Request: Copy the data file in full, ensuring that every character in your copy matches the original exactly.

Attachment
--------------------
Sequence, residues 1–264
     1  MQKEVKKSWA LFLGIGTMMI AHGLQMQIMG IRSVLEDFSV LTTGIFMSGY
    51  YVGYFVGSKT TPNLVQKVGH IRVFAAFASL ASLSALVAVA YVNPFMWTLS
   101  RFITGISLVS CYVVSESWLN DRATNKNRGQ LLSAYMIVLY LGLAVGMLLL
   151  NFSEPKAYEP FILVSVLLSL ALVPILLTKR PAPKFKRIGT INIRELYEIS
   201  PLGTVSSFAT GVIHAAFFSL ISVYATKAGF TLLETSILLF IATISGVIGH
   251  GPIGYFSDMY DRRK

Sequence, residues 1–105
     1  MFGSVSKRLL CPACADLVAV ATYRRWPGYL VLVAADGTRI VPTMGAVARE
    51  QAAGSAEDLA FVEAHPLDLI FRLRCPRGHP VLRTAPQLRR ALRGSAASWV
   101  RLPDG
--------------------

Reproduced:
Sequence, residues 1–264
     1  MQKEVKKSWA LFLGIGTMMI AHGLQMQIMG IRSVLEDFSV LTTGIFMSGY
    51  YVGYFVGSKT TPNLVQKVGH IRVFAAFASL ASLSALVAVA YVNPFMWTLS
   101  RFITGISLVS CYVVSESWLN DRATNKNRGQ LLSAYMIVLY LGLAVGMLLL
   151  NFSEPKAYEP FILVSVLLSL ALVPILLTKR PAPKFKRIGT INIRELYEIS
   201  PLGTVSSFAT GVIHAAFFSL ISVYATKAGF TLLETSILLF IATISGVIGH
   251  GPIGYFSDMY DRRK

Sequence, residues 1–105
     1  MFGSVSKRLL CPACADLVAV ATYRRWPGYL VLVAADGTRI VPTMGAVARE
    51  QAAGSAEDLA FVEAHPLDLI FRLRCPRGHP VLRTAPQLRR ALRGSAASWV
   101  RLPDG